FireEye says the attackers first target the Active Directory to get to the card data, and use tools such as Windows Credentials Editor in their quest for legit credentials. They also created several custom tools for covering their tracks and cleaning up any traces of the malware, as well as proxy tools for accessing segregated network segments.

"They also encoded hard kill-times into most of their malware for a hard end date" of the attack, he said.

Trend Micro earlier this year noted how RawPOS was able to evolve to target various types of POS software. "Aside from being multi-component, RawPOS is notable for its support for multiple PoS software. Since business establishments would have different PoS software, attackers have modified RawPOS’ code to support multiple PoS software over time," Trend Micro researchers wrote in a blog post in late April.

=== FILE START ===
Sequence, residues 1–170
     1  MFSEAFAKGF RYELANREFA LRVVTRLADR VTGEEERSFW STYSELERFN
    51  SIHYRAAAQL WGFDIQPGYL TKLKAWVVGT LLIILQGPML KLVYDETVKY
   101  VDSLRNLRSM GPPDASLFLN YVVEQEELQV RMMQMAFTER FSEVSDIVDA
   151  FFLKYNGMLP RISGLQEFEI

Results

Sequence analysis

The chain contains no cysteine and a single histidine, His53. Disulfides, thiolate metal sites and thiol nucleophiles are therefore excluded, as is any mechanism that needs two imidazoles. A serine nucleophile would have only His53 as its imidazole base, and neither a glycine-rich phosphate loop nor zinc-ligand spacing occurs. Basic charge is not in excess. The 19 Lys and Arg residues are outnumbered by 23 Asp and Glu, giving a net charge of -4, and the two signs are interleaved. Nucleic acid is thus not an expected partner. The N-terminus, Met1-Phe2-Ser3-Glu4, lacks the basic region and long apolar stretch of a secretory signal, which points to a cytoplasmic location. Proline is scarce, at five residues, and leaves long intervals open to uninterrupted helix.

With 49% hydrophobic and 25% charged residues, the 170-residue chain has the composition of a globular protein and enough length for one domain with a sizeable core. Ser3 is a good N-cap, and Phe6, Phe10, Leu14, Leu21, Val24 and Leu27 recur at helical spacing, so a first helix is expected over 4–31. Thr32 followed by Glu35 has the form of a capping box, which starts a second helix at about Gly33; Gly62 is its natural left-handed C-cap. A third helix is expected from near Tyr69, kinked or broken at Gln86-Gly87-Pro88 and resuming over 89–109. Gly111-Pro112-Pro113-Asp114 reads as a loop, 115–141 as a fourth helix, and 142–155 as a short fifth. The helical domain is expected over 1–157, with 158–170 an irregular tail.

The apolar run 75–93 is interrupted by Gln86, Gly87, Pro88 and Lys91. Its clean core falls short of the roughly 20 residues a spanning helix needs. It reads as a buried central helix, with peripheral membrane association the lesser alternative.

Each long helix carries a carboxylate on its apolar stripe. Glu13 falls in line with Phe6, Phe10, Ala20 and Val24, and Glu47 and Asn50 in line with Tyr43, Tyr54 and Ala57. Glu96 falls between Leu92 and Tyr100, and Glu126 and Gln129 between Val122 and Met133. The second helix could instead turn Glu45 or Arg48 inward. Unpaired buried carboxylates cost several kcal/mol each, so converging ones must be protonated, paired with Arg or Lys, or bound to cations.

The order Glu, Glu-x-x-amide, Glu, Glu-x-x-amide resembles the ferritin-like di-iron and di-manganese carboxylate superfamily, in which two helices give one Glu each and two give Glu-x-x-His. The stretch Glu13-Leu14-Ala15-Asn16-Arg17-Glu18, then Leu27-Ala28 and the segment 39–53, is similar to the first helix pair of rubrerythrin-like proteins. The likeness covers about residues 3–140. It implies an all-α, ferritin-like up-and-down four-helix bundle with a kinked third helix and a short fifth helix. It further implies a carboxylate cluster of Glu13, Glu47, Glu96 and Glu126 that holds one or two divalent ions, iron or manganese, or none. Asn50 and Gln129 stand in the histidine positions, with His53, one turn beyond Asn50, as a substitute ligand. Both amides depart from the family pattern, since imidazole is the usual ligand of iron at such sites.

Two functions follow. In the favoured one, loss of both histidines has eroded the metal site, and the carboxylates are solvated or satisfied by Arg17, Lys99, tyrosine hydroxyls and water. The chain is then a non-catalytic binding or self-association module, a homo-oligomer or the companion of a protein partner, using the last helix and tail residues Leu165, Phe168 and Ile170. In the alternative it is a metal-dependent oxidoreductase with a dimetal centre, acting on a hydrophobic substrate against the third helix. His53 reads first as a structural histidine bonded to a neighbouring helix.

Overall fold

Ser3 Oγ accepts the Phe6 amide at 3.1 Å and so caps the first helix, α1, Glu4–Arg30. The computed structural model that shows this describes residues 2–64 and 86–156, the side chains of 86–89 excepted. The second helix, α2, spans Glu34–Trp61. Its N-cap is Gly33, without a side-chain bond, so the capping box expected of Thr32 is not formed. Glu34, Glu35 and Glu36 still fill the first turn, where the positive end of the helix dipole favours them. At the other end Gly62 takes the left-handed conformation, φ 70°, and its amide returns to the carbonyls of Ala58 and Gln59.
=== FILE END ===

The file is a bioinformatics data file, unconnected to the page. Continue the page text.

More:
Meanwhile, FireEye today also announced that is has partnered with Visa Inc. to power a new threat intelligence service for merchants and card issuers. The so-called Visa Threat Intelligence service is the first product under a newly forged partnership between Visa and FireEye.

"We want to offer faster, actionable intelligence to our constituents," said Mark Nelson, senior vice president of risk products at Visa.

 

Kelly Jackson Higgins is Executive Editor at DarkReading.com. She is an award-winning veteran technology and business journalist with more than two decades of experience in reporting and editing for various publications, including Network Computing, Secure Enterprise ... View Full Bio

Comment  | 
Print  | 
More Insights
Comments
Newest First  |  Oldest First  |  Threaded View
Aviation Faces Increasing Cybersecurity Scrutiny
Kelly Jackson Higgins, Executive Editor at Dark Reading,  8/22/2019
Microsoft Tops Phishers' Favorite Brands as Facebook Spikes
Kelly Sheridan, Staff Editor, Dark Reading,  8/22/2019
Capital One Breach: What Security Teams Can Do Now
Dr. Richard Gold, Head of Security Engineering at Digital Shadows,  8/23/2019